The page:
UCLA Researchers Use Big Data From Twitter to Locate HIV Outbreaks

An analysis of data mined from Twitter could be useful in locating and preventing HIV outbreaks, according to researchers at the University of California, Los Angeles.

The UCLA researchers analyzed 550 million tweets from between May 26, 2012, and Dec. 9, 2012, using an algorithm to determine those tweets that suggested high-risk behavior that could lead to HIV infection. The researchers then plotted the tweets' location of origin and compared the mappings to geographical distributions of HIV cases to see if a statistical relationship existed.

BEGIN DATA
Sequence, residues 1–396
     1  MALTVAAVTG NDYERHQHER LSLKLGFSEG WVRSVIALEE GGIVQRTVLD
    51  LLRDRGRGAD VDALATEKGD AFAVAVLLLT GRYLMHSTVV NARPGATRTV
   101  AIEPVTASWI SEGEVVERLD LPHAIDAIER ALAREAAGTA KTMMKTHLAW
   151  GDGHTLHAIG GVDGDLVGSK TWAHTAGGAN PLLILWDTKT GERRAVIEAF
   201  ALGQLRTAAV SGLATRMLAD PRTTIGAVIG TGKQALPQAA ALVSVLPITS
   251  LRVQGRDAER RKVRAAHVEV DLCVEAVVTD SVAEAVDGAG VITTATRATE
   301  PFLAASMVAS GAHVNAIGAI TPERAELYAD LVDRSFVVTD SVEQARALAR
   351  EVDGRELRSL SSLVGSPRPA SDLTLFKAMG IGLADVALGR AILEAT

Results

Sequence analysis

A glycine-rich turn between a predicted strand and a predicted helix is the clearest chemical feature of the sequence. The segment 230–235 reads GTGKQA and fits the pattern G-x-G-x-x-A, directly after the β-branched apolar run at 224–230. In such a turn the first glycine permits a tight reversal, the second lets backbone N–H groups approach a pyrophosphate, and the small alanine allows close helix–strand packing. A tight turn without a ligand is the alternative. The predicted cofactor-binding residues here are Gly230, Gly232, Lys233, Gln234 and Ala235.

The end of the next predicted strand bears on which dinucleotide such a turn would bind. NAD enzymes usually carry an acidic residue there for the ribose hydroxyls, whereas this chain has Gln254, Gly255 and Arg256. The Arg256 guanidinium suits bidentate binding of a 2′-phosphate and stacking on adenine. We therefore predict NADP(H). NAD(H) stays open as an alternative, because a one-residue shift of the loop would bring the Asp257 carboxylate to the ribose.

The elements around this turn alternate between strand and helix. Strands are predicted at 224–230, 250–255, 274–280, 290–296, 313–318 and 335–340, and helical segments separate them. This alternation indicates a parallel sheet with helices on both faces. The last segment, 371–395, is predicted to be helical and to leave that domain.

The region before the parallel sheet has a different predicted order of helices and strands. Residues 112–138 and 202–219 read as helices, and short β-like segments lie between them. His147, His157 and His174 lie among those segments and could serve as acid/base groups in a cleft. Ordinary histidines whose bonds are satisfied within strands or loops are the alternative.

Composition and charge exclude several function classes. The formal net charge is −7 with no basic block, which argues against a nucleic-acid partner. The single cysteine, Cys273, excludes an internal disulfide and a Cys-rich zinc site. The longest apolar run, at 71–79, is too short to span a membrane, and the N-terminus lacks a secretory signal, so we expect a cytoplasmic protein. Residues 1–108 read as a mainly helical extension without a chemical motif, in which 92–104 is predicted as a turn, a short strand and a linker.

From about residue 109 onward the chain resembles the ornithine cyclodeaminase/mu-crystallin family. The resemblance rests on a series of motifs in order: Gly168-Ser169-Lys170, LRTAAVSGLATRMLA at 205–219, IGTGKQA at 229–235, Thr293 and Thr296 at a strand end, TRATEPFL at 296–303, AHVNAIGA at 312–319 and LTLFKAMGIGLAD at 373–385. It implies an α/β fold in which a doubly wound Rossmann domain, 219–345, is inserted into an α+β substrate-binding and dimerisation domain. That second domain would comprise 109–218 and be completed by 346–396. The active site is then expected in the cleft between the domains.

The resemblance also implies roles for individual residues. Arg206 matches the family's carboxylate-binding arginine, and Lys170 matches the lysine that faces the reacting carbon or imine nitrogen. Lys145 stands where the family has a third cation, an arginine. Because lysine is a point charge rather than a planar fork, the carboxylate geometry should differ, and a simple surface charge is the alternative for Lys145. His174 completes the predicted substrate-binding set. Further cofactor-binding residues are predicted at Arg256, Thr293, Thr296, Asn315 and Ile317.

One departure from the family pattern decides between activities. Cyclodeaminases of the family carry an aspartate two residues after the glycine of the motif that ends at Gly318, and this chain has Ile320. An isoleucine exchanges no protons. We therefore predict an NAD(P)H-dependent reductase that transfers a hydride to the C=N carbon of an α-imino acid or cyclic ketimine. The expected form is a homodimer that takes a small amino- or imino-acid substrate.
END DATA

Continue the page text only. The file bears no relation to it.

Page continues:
Researchers found a significant correlation between tweets expressing high-risk behavior and counties with high numbers of reported HIV cases. The results suggest the feasibility of using big data collected from social media channels to detect where HIV outbreaks and drug use occurs.

"Ultimately, these methods suggest that we can use 'big data' from social media for remote monitoring and surveillance of HIV risk behaviors and potential outbreaks," said Sean Young, assistant professor of family medicine at the David Geffen School of Medicine at UCLA and co-director of the Center for Digital Behavior at UCLA, in a news release.

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